It varies hugely. Varieties that have ‘seedling’ or ‘pippin’ in their name means that it’s a variety which has been grown and propagated from the pip because someone decided that that specific apple tasted good. Growing this way means that it’s always going to be a unique variety and Bramley seedling is probably the best known example of this. Others have been deliberately cross bred for whatever reason: the Laxton brothers, for example, worked extremely hard at their cross breeding with the aim of producing apples for every month of the year – and they pretty much managed it!

Every month of the year? That’s incredible!

There’s also a great tradition in Britain of the gardeners in the grand houses competing to breed new varieties of fruit and many have indeed come from the great halls, like Golden Noble, which was bred at the Hall in Stow Bardolph here in Norfolk.

Then you have varieties that are named after someone local: in Norfolk we have the Captain Palmer apple which was never sold commercially until we started selling it, but was known in the area of South Norfolk where it was bred and it was named after Captain Palmer, who was a local dignitary.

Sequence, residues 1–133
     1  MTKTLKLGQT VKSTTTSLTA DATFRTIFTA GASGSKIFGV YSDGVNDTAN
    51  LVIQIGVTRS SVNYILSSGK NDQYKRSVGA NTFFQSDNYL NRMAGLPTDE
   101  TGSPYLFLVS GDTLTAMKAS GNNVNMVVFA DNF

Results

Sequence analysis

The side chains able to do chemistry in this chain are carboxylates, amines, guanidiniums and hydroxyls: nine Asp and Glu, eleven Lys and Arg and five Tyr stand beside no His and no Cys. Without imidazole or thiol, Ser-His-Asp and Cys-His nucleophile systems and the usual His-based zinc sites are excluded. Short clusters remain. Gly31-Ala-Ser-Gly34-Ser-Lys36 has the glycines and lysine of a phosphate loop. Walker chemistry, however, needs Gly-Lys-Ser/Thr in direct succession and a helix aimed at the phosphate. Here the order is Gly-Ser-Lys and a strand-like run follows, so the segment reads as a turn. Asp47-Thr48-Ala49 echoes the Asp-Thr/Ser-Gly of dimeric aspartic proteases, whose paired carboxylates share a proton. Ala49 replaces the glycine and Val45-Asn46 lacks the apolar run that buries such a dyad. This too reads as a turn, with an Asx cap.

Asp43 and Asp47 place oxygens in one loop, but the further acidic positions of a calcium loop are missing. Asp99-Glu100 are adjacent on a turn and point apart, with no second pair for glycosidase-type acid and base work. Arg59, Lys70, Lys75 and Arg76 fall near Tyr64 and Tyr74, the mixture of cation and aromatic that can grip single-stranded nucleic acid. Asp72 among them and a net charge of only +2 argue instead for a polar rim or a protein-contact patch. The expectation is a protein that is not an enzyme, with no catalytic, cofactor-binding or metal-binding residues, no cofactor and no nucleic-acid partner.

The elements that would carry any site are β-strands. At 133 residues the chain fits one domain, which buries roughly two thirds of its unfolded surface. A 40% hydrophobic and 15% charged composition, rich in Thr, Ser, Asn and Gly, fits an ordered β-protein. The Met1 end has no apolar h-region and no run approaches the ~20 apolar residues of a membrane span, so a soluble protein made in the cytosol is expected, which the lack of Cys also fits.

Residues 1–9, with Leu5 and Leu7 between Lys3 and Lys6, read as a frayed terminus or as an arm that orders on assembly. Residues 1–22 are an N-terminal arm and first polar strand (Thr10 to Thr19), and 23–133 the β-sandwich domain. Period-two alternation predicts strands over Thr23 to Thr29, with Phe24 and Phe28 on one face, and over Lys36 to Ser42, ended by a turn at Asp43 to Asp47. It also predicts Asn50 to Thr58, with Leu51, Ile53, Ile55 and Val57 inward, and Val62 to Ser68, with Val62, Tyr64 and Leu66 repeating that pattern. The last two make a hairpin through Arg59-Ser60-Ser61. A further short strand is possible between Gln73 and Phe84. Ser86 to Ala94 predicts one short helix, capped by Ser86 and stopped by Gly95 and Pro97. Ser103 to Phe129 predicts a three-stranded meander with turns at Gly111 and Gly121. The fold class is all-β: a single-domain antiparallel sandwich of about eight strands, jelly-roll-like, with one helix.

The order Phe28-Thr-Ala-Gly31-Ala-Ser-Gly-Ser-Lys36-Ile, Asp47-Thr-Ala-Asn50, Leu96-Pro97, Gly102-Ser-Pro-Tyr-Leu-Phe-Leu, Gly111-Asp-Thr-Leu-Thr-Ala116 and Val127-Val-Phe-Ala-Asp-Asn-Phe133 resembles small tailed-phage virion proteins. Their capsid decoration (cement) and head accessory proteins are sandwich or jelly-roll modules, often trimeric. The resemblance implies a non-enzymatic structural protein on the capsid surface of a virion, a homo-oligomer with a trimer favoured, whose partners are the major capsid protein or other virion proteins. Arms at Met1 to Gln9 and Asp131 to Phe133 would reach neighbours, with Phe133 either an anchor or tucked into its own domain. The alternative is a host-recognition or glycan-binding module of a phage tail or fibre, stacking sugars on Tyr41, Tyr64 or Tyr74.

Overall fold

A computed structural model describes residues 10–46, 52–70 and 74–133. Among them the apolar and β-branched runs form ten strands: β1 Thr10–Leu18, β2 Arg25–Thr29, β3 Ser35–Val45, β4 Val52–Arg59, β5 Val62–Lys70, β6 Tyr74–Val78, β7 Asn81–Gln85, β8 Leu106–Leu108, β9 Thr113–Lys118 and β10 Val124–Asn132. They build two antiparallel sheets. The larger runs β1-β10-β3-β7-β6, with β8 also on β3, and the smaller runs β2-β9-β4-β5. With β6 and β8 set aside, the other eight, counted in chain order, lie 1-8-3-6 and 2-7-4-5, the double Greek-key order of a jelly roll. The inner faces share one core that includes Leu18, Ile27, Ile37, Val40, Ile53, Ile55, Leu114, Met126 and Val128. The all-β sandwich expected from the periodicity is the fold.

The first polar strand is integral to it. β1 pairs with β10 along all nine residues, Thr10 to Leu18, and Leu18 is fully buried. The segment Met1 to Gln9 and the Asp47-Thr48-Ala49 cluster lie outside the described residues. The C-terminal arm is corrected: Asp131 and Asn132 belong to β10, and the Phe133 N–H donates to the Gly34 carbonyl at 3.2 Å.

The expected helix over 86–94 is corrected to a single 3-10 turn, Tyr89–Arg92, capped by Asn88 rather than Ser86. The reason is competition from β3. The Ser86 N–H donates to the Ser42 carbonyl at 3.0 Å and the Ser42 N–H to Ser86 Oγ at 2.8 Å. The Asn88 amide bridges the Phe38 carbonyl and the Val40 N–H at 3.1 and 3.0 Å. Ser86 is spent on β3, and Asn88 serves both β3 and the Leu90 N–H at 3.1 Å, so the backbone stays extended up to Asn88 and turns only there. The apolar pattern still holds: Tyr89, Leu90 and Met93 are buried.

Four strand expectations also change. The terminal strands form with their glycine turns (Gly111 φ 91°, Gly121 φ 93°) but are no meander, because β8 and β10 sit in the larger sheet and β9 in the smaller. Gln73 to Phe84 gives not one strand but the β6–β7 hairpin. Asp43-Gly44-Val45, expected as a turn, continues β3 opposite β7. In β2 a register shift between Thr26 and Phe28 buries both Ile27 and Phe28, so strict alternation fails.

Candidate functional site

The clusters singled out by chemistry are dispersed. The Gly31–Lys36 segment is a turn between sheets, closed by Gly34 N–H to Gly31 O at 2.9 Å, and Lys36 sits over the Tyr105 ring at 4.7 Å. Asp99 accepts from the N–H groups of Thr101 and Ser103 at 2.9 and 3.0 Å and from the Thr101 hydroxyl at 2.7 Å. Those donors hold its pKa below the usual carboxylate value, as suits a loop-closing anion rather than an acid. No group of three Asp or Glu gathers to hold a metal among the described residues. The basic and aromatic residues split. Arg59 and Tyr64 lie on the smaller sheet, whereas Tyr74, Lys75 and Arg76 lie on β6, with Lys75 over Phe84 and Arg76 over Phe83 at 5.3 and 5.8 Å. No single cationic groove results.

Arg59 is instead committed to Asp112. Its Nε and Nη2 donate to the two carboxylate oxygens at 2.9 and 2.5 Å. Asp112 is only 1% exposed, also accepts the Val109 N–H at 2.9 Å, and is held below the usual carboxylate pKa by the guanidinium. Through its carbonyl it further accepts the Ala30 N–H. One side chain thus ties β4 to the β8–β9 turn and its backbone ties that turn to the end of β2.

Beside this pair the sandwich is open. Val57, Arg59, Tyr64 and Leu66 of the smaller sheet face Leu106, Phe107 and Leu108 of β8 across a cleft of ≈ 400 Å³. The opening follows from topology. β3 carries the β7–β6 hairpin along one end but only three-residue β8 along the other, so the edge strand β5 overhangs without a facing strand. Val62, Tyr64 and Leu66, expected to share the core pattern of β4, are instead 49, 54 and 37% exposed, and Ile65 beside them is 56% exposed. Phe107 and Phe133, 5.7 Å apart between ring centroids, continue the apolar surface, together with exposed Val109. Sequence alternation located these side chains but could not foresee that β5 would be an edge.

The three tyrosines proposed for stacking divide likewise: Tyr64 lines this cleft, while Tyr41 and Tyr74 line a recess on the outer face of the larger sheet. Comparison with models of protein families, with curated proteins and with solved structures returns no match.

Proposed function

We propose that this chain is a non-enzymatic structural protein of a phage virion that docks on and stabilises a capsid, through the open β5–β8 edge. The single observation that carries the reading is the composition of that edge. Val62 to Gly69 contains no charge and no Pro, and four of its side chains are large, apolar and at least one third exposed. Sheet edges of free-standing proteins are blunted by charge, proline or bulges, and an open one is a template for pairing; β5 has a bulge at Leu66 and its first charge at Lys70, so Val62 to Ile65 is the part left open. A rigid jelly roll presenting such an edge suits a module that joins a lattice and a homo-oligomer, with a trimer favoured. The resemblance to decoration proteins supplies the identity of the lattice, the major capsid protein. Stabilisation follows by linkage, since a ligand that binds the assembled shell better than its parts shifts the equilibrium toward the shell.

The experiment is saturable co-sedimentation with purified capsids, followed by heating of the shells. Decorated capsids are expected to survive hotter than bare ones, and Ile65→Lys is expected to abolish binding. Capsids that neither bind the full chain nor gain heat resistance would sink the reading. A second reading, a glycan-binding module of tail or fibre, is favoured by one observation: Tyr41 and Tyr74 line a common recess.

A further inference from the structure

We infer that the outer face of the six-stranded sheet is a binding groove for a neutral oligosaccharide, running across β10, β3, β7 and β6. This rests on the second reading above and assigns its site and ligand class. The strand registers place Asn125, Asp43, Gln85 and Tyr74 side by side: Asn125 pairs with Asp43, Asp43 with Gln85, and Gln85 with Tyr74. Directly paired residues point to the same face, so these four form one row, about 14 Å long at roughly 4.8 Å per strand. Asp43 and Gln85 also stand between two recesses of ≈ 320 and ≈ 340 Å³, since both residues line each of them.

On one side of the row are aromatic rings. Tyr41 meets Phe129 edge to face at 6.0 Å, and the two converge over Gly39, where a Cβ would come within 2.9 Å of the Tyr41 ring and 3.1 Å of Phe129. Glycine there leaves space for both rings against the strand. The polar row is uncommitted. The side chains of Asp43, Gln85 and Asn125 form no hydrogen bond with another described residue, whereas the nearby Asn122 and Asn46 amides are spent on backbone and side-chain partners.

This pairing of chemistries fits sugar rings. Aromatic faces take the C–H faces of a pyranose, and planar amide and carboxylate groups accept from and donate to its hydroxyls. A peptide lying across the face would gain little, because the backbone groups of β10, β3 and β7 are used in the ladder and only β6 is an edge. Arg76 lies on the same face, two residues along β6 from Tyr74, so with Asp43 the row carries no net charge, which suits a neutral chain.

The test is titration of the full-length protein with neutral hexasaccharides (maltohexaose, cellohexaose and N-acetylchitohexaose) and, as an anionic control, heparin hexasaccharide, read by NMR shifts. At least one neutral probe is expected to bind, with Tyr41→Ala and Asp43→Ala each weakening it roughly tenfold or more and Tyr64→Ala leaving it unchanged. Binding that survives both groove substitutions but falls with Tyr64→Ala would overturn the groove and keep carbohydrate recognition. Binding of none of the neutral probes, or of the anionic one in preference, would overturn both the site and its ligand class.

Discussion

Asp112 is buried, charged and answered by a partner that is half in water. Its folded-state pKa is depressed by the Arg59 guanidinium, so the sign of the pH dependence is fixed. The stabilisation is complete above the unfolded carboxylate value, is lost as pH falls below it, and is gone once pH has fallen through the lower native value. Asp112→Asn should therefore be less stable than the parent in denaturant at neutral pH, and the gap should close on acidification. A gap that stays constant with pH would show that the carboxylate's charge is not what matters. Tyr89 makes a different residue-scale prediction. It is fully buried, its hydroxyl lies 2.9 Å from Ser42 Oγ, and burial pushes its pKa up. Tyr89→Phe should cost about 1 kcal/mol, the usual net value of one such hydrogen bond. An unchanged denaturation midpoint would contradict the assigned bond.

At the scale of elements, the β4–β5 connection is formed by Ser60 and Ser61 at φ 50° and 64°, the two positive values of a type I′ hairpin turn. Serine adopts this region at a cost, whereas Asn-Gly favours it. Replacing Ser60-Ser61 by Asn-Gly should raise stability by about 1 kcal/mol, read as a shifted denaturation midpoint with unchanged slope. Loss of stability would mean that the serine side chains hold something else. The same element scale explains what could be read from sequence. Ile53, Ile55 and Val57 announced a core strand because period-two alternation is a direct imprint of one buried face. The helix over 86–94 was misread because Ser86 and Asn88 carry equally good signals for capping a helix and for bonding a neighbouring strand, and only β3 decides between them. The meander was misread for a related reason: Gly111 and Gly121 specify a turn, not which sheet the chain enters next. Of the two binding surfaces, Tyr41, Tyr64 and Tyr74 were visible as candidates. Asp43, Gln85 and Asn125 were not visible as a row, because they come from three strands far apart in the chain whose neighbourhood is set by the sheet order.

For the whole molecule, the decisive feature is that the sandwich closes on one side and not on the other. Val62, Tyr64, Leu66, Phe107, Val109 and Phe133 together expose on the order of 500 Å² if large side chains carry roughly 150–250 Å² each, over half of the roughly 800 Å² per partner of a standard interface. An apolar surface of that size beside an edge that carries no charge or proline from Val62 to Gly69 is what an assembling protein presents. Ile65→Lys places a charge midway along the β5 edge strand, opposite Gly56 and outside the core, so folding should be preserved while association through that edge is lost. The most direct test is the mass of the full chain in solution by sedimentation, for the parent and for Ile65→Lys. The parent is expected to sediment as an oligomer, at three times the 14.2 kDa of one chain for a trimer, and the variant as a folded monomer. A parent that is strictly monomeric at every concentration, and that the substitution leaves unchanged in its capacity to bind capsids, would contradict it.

East of England Fruit Collection blossom

Are you discovering new varieties, or do you have a fairly robust catalogue at this point?

We have a lot of trees in our research plot that we’re growing on to see what they produce and to see if they match anything we currently hold on record. This is an ongoing process and I’d say we probably introduce one new variety a year, I would think.

That said, there are hundreds still to find. On our website we have lists of the lost ones that we’re still looking for and there are so many of them. People keep bringing fruit into us for identification at the various Apple Days, so we never know – we might get lucky!

Is that how you’re discovering them?

Yes – and we try to publicise the lists of what we’re looking for. It was after posting a list of ‘lost’ varieties that somebody in a garden in Lincolnshire contacted us to say that they had one of these varieties – and had done so for as long as they could remember. Perhaps it’s that you just assume that if something is familiar to you, it will be familiar more widely – they didn’t realise what a discovery it was and we were pleased to be able to put it back into production.

How exciting! It sounds like a kind of arboreal treasure hunt! Thanks so much for your time, Clare and best of luck with the project.

You’re welcome!

Bumble bee on apple blossom

The East England Apples and Orchards Project covers the East Anglia region of the country. If you’re interested in tracking down local varieties where you live, contact the Orchard Network to get more information about what’s happening in your locale. There are lots of ways to support our pollinators: growing more flowers, planting an apple tree, and yes, putting up a beepalace doesn’t hurt either…!